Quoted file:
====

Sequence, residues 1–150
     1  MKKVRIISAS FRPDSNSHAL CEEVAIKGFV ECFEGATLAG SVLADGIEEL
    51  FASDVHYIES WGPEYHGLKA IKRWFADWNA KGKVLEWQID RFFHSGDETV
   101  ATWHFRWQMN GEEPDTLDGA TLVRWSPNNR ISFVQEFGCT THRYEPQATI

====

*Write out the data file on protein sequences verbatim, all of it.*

Sequence, residues 1–150
     1  MKKVRIISAS FRPDSNSHAL CEEVAIKGFV ECFEGATLAG SVLADGIEEL
    51  FASDVHYIES WGPEYHGLKA IKRWFADWNA KGKVLEWQID RFFHSGDETV
   101  ATWHFRWQMN GEEPDTLDGA TLVRWSPNNR ISFVQEFGCT THRYEPQATI